Gender balance in the Knox County Commission

Knoxville (WVLT) -- Nine of the existing Knox County commissioners are discussing the appointments of three different districts, including district four that currently has no representative.

Volunteer TV's Kim Bedford has more on why there are no females on the commission right now and how that could change.

Diane Jordan was the sole female on commission for years.

Now there are nine males left in charge.

Nine females versus 31 males ran for county commission in last week's primaries.

Amy Broyles won District 2, Seat B and Ruthie Kuhlman won District 4, Seat A.

But how much should gender play a role in deciding the future appointments.

Commission Candidate Ruthie Kuhlman says, "I ran this race because of what happened in January a year ago, but I wish more women would run."

Kuhlman was one of just two women who won the primaries for Knox County Commission, "We want to show that we know how to run this town. We're just as smart as they are."

The County Commission is currently run by nine men.

Kuhlman says, "These men get so excited and they just go at each other. The last commission meeting proved that."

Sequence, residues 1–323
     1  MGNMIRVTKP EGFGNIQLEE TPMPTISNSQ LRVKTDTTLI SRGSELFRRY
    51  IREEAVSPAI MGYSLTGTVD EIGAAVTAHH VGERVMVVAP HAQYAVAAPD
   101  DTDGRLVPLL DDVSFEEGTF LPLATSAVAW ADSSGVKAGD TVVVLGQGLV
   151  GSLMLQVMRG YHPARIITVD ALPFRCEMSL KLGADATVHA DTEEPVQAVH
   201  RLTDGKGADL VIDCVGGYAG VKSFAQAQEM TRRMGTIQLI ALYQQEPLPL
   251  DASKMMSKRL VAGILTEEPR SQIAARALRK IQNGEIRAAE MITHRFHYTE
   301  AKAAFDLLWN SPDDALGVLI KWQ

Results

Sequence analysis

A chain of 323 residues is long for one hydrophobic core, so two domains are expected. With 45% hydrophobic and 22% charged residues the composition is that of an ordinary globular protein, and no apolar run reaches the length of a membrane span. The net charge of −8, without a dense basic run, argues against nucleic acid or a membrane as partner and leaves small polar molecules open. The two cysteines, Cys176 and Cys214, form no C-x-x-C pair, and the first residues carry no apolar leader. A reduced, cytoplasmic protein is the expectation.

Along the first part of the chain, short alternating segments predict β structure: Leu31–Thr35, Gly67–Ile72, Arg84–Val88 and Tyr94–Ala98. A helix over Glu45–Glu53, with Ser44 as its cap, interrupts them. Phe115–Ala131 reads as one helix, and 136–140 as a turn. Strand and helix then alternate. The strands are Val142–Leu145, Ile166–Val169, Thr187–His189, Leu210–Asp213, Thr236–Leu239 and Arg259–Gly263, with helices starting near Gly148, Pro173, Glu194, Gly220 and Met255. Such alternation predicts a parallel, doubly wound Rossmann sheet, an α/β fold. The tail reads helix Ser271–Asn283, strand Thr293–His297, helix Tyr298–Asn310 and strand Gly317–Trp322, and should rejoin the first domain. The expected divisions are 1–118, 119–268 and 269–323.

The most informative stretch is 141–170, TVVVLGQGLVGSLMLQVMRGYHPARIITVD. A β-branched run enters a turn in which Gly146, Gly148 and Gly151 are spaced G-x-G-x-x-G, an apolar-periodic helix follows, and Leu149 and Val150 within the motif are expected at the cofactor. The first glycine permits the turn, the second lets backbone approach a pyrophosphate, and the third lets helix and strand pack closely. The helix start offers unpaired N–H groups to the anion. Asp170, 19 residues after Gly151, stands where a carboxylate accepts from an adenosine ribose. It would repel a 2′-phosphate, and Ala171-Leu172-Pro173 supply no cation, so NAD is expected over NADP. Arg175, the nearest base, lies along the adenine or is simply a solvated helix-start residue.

Former commissioner Diane Jordan was the sole female on commission just before the Sunshine Lawsuit Ruling, "The right word is balance. I think that's what women bring to the commission or to anything."

Jordan says women tend to think differently than men and without that gender balance, issues surrounding Knox County could be at risk, "They look at it sometimes on the surface and we have a tendency to go deeper with situations."

Kuhlman says, "We study things. We're calm. We listen."

But commissioner Mike Hammond says gender has nothing to do with the appointments they're about to make, "We need to look at their backgrounds. We need to look at what they would bring, and I think we need to choose the best person from the district. So obviously we have some very qualified females, some very qualified males."

Barbara Pelot is one of two women on Knoxville's City Council and says, "When I ran for council, I felt it was a matter of qualifications, not a matter of gender or race."

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